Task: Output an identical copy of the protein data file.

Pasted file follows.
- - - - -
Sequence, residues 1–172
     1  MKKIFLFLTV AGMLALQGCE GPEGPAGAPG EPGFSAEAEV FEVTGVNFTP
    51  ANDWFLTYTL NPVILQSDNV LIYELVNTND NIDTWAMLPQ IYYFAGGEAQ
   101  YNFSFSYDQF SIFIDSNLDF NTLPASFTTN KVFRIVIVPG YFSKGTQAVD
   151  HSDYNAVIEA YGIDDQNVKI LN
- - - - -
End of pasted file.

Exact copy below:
Sequence, residues 1–172
     1  MKKIFLFLTV AGMLALQGCE GPEGPAGAPG EPGFSAEAEV FEVTGVNFTP
    51  ANDWFLTYTL NPVILQSDNV LIYELVNTND NIDTWAMLPQ IYYFAGGEAQ
   101  YNFSFSYDQF SIFIDSNLDF NTLPASFTTN KVFRIVIVPG YFSKGTQAVD
   151  HSDYNAVIEA YGIDDQNVKI LN